October 3, 2016
Although far from the world’s only nation wrestling with systemic inequality and unjust societal practices and policies, “Brazil is a complex, intriguing and fascinating country,” says James Green, director of the Watson Institute’s Brazil Initiative and the Carlos Manuel de Céspedes Professor of Latin American History. “People there are trying to confront legacies of slavery and social inequality in creative ways, and scholars …are doing interesting research on these topics.”
To that end, the Department of Africana Studies and the Brazil Initiative continue their collaboration to sponsor a robust array of programming that examines the Afro-Brazilian experience through the larger lens of the Americas, says Keisha-Khan Perry, an associate professor of Africana studies. Upcoming speakers include:
- Márcia Lima, a sociology professor at the University of São Paulo, and this fall, a fellow at Harvard’s Hutchins Center for African and African American Research: “The Challenge of Racial Inclusion in Brazil: The Case of Higher Education,” Tuesday, Oct. 4, at noon, in the Joukowsky Forum, 111 Thayer Street.
- Kwame Dixon, a professor of African American studies at Syracuse University’s Maxwell School of Citizenship and Public Affairs: “Afro-Politics and Civil Society in Salvador da Bahia, Brazil,” Thursday, Oct. 6, at noon, in the Joukowsky Forum, 111 Thayer Street.
- Tianna Paschel, an assistant professor of African American studies at the University of California, Berkeley: “The Making and Unmaking of Black Rights in Latin America,” Wednesday, Oct. 12, at noon, at BassPass, Churchill House, 155 Angell Street.
Indeed, it’s only recently, adds Anani Dzidzienyo, an associate professor of Africana studies and of Portuguese and Brazilian studies, that Afro-Brazilian life has become part of “legitimate public discourse. It was not so cool at one time to talk about it. The Black presence [in Brazil] is something that increasingly is not being ignored.”
Despite having the largest concentration of African descendants outside of Africa, Brazil traditionally has not been widely studied by academicians in the United States, who focus on the Black diaspora’s impact in the United States and, secondarily, in the Caribbean. That’s not the case at Brown, however, where three Africana Studies faculty (Watson Faculty Fellow and Gerard Visiting Associate Professor of International and Public Affairs and Africana Studies Geri Augusto, Dzidzienyo and Perry) focus their research on Afro-Brazilian studies, and hosts one of the nation’s preeminent Brazilian and Portuguese studies programs. Perry commends the Watson Institute’s commitment to thinking globally about the Afro-Brazilian experience, and to partnering with Africana Studies faculty on this important topic.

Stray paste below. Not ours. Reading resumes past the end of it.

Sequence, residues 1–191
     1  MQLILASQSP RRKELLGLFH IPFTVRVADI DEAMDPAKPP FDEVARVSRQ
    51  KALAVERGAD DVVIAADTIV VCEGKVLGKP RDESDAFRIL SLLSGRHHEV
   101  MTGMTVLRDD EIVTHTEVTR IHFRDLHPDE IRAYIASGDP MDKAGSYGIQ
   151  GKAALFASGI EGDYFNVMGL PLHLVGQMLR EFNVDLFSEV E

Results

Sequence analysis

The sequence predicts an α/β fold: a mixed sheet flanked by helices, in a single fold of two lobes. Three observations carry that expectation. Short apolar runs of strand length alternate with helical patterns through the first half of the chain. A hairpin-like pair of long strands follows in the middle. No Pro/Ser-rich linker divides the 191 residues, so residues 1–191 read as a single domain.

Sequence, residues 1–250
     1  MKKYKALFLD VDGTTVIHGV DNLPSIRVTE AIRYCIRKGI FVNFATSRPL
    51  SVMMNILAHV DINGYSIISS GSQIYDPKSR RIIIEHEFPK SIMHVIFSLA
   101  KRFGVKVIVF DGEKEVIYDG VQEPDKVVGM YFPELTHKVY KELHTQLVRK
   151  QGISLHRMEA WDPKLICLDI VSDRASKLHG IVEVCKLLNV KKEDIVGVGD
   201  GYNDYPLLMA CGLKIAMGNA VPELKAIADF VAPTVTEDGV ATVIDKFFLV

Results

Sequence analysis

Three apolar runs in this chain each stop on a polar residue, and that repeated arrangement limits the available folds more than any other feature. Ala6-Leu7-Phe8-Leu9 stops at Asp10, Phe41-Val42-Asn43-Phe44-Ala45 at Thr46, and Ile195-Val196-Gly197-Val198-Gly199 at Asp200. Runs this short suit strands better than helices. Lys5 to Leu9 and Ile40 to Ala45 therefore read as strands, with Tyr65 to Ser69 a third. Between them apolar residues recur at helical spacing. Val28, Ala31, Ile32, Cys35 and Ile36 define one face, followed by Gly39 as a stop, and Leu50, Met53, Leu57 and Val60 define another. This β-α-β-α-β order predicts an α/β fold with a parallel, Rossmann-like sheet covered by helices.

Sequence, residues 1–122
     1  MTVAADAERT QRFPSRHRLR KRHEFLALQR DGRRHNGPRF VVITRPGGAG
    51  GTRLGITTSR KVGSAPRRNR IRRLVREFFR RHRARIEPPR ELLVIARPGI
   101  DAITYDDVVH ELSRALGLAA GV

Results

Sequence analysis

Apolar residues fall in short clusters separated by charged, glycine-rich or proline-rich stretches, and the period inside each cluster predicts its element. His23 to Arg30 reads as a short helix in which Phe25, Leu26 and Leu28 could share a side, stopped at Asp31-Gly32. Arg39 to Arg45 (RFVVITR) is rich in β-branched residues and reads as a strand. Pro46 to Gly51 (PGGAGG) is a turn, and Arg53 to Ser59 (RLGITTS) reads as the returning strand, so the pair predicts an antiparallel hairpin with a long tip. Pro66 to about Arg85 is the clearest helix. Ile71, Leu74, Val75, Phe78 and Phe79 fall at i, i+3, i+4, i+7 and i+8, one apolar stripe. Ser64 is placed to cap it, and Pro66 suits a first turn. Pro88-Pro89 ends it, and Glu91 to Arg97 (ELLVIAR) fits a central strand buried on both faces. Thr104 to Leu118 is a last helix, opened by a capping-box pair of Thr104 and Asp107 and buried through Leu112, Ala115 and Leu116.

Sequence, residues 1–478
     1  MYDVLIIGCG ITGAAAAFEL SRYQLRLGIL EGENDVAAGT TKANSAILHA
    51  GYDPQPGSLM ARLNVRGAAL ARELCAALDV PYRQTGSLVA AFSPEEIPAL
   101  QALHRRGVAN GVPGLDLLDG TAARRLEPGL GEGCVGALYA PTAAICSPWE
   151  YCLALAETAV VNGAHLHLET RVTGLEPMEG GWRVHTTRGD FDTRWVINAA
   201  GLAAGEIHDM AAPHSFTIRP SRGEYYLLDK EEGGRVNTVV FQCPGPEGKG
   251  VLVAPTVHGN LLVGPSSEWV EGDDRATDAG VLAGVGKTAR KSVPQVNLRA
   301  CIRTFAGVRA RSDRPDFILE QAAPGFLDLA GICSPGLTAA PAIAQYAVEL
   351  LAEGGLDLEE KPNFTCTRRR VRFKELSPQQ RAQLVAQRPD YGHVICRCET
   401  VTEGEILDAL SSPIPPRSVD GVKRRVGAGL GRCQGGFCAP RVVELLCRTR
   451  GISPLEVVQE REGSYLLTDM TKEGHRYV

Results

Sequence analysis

Augusto, too, supports the idea of creating a bridge of engaged scholarship between the Watson Institute and Africana Studies. “In the face of grave setbacks to democracy, many Brazilians are waging a struggle right now to exert what freshly reelected Afro-Brazilian City Councilman and longtime activist Silvio Humberto in Salvador de Bahia calls ‘an active citizenship.’”
A grant from the Watson Institute to the Department of Africana Studies supported the collaboration on an ongoing series on Afro-Brazilians in the Black Diaspora, Perry says. “Afro-Brazilians constitute the majority of [Brazil’s] population; to center their experiences, politics, social movements, perspectives and culture … is being true to what Brazil is.”
While marginalized populations around the world struggle for racial, religious, and gender equality, Brazilians were wrestling with issues of genocide long before American citizens used the hashtag Black Lives Matter, says Perry, who encourages scholars to understand the nations’ similarities, which could lead to a stronger global social justice movement. “What does it mean for Black Lives Matter as a movement if we don’t consider the experience of Afro-Brazilians who are dying by violent militarized police action at far higher rates than African-Americans here?”
Green concurs, acknowledging that, while slavery played out differently in the two countries, underlying commonalities exist, with both Brazil—the last country to outlaw slavery, in 1888—and the United States experiencing racism and opposition movements to such oppression. “Brazil officially [now] draws attention to and underscores the importance [of the Afro-Brazilian experience],” explains Dzidzienyo. “How that translates to changes in society is a work in process.”
“Now, I can’t imagine anything more timely than a Brazilian Initiative that helps us interpret and analyze [what Humberto’s words mean] through more than one lens,” Augusto says.
The Brazil Initiative, says Green, has long committed to having scholars, Brazilian and otherwise, studying Brazil and Latin America present their research here, which raises visibility for and awareness of these historically underrepresented scholars and their research.
“Having the African descendants’ experience centered at the Watson is really important,” says Perry, who is confident that Brown students are eager for a richer, deeper understanding of these issues. “No longer are they satisfied with going through graduate education and not learning about the majority black population.”
Additional programming will be held later in October and November. Visit the Watson Institute for more information.